Twisting round in his seat, Kevin faced the young men.

‘Here’s the set-up. First, McKullicker, you can’t smoke in the van. Management have spies everywhere.’ They all looked at Weller, who blushed and picked at his thumbnail. ‘Second, it’s a bastard days work we’ve got ahead of us and there are only three rifles. That means three shooters and two baggers, gathering and bagging the bodies to be disposed of… elsewhere.’

The lads looked at one another, Molsey raising a hand.

‘Aren’t there professional’s who do this sort of thing?’

Kevin and Matt shared a dark look.

‘Course there are. Happens to be on this occasion that top brass don’t want to spend the money when they’ve got bright young things like yourselves at their disposal. Now, a word on safety…’

McKullicker hawked loudly. ‘Not another effing lecture. We’re in an effing nuclear power station; you really think we’re in any danger firing pellet guns?’

Kevin closed his eyes and rubbed the bridge of his nose. ‘I think we might all be in danger if you’re the one firing McKullicker. Luckily, you’ll be bagging first, so we’ll have a while before we find out.’ The others snickered and McKullicker slumped, sticking his cigarette behind his ear.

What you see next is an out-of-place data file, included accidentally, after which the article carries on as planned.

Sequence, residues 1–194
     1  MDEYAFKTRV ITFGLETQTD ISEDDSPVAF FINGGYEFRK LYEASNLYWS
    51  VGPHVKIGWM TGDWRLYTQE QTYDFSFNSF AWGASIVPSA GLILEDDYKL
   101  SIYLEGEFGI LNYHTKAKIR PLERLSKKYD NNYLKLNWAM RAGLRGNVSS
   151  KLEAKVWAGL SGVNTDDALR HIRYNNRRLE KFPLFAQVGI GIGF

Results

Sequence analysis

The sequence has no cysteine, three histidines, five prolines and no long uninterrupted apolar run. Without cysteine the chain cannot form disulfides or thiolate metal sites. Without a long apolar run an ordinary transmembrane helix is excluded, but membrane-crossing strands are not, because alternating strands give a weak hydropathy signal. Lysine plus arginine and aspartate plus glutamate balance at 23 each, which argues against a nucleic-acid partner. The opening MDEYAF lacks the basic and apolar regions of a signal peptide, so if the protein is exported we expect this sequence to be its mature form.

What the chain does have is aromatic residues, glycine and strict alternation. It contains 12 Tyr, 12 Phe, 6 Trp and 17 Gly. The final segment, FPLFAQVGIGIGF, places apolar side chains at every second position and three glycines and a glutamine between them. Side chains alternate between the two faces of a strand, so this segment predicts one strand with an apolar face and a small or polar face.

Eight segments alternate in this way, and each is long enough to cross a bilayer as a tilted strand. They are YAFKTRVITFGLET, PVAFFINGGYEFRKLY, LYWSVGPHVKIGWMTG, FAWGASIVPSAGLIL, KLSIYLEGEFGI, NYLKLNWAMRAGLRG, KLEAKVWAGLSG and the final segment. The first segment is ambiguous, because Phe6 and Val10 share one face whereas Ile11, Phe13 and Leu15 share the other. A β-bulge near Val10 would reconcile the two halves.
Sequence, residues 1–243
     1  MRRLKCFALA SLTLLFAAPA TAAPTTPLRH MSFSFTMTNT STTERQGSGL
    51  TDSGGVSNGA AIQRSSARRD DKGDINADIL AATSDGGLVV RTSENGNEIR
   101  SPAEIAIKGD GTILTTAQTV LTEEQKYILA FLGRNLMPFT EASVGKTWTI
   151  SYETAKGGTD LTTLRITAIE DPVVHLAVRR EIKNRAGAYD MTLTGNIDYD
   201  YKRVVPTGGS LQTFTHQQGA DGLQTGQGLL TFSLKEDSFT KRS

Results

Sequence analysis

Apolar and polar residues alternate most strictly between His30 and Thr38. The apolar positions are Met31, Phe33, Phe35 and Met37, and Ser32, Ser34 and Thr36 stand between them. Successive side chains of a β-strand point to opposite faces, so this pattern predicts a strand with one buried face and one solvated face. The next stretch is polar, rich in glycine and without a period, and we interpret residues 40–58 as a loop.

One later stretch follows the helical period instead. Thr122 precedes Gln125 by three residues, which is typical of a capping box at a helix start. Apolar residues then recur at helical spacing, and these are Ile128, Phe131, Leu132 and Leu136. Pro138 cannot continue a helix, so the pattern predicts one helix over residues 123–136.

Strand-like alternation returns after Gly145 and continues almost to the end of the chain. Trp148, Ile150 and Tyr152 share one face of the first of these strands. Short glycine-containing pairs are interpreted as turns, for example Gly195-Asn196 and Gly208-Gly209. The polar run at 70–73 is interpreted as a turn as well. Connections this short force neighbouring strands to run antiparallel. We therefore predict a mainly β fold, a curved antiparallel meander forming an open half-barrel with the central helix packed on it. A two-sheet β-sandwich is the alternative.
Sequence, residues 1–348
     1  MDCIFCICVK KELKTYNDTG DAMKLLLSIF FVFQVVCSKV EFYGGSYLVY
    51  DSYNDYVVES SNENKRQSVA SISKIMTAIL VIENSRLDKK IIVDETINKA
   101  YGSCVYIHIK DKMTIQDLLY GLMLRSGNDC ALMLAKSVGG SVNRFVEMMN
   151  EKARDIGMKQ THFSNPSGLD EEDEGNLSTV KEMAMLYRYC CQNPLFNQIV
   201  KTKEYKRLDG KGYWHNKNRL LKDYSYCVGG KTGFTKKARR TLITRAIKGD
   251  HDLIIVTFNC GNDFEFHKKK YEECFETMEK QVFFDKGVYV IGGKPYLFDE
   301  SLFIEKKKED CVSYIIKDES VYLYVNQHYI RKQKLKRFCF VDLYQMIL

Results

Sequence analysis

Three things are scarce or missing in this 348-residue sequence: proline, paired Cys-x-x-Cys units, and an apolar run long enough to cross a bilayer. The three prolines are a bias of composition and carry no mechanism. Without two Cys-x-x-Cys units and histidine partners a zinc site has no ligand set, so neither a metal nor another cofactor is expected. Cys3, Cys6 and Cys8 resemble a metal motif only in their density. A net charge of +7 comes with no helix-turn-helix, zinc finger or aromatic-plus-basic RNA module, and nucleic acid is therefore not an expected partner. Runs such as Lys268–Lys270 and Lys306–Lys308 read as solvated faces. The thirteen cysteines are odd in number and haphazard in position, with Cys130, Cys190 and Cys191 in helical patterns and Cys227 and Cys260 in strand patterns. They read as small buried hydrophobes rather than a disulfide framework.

They pulled up at a small concrete building near the perimeter fence. Pulling their collars high, Kevin and Matt sprinted through the downpour to the door and fumbled the key, swinging the groaning door inwards. A short cord lit a single naked bulb.

‘Not going to let up today is it?’ said Matt, wringing out his fringe.

Kevin was hunting through the shelves of cleaning chemicals and traffic cones. The gun rack was improvised from an old trestle table, and they found it at the back of the room with a few tubs of roach poison and some rusted rat traps.

‘Looks like we have enough pellets,’ said Kevin, rattling a tin. ‘Old Dil left a couple of thousand here when he retired.’

‘How are the guns looking?’ asked Matt, squinting in the dark.

Kevin slung a rifle over his shoulder and turned quarter profile, half illuminated in the dusky shade.

‘Well need some plastic bags and a broom,’ he said.